Incorporated associations: Statutory Reporting Obligations Simple – Income & Expenditure Statement agreeing to Cash Balances So what makes these more complex: When “Cash” is not the only asset When it is not adequate tooperate on a cash basis. Significant Operations, Owe to Creditors, Owed by Debtors Terms & Conditions of Grant: Contractual requirements: Australian Equivalents to International Financial Reporting Standards (AEIFRS)
Australian Equivalents to International Financial Reporting Standards (AEIFRS) apply to “general” purpose financial reports. “Reporting Entity” where the persons making economic decisions have ONLY the statutory financial report to base decisions on. Usually not applying to Incorporated Associations because: Close membership; Management drawn from memberships; Other funders, bankers, Government Departments have the power to obtain detailed information on request. Denial of these rights would force transition to “general purpose” Member request to move to “general purpose” or Funding body may make “general purpose” a Grant requirement
Terms & Conditions of Grant: Generic requirements: Audit of financial statements Financial reporting against funded budget lines Controls over process of acquisition of “capital” items or expenditures in excess of $1,000 Key Performance Indicators (KPI’s) Periodic reporting on projects Right of entry to records to conduct their own review if they wish Greater cost of compliance with accounting requirements
Philanthropic Entities: Commercial Enterprises seeking to display a “public conscience” Needing to display effective Corporate Governance and satisfy “general purpose” reporting standards of their own. Pressure on Not-For-Profits to be clearly accountable in comparable formats Significant reliance on audit opinion, additional requirements in audit plan Must be considered if seeking the Corporate $ Funding is less constrained to specific uses, programmes More reliance on PROBITY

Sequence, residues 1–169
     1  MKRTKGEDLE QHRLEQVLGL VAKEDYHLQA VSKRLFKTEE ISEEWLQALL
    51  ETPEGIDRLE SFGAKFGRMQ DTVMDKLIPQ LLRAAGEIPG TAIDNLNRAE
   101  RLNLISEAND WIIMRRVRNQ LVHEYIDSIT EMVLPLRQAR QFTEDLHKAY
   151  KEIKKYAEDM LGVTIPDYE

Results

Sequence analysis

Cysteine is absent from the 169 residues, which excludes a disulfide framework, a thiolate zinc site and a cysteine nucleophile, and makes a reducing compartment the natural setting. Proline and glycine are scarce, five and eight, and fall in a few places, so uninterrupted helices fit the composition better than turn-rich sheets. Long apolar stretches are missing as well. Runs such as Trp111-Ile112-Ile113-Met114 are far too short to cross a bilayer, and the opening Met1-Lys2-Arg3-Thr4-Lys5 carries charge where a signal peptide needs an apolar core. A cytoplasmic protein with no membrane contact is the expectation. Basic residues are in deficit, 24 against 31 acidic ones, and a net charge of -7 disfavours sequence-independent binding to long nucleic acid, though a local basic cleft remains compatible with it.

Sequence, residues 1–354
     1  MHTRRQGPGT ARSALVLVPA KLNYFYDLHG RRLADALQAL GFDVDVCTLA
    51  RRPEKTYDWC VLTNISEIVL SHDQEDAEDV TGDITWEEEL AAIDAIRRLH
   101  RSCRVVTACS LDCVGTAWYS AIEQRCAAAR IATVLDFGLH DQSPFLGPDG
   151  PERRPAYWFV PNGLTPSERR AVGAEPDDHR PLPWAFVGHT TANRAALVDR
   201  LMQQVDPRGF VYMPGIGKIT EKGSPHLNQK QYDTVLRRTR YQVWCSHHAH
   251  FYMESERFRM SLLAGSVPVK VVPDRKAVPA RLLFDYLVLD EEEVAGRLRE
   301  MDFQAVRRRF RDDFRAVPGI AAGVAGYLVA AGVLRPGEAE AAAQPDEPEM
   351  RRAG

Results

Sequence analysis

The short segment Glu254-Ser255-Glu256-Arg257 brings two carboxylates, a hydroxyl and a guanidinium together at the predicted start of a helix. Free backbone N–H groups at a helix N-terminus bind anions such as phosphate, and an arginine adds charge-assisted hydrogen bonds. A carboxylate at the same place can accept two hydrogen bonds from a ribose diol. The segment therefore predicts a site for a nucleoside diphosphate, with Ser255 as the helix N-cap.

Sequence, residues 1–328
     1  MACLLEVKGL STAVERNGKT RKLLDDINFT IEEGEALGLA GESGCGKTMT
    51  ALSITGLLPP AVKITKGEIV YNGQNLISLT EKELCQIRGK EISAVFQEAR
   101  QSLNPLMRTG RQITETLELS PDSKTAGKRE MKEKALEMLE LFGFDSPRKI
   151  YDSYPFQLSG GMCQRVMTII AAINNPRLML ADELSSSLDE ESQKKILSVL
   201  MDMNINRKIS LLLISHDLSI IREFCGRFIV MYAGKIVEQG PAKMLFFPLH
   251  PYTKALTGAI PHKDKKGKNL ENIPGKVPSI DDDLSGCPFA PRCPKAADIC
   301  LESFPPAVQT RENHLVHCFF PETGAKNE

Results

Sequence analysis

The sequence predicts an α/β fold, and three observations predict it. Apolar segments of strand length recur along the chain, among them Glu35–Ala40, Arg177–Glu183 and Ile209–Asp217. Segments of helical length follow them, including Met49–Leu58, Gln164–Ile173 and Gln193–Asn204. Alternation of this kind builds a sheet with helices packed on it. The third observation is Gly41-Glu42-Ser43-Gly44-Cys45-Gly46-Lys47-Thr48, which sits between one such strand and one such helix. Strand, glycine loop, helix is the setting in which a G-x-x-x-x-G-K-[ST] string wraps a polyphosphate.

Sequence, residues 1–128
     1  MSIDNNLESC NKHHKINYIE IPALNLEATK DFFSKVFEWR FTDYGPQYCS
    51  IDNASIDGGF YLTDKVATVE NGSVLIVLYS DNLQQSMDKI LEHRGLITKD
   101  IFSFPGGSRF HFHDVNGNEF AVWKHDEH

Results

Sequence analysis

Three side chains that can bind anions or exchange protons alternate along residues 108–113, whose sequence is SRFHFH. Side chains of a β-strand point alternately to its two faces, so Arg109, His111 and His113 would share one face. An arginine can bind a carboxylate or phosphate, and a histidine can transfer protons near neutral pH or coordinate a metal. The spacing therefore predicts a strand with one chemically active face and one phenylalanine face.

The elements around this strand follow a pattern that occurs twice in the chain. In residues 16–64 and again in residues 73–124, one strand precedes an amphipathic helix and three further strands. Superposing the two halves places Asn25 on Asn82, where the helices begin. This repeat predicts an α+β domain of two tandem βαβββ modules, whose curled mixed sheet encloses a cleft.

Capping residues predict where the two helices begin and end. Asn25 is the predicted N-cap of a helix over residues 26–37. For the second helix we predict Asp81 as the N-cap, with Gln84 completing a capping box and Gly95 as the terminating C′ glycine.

Management Reporting: “Statutory” and “Grant/Financier” Reporting are both wholly historical, already fixed because it has happened Management reporting has to be current and, at its best, forward and active They have to be reconcilable to each other to prove the integrity of their results Most effective if they come from the same data Multiple files are a severe risk of undetected error and fraud, Cost more to maintain and As EACH record has to be audited, more records mean more cost
CORPORATE GOVERNANCE IN A VOLUNTARY ORGANISATION The big “untruths” – As this is voluntary everyone can make their own rules – The rules made by the strongest personality win – The longest serving person has to be recognised as the strongest – New blood and ideas have to be better than what we have been doing – People with Certificates and Degrees know more than anyone else –People we pay to do things cannot do them as well as volunteers can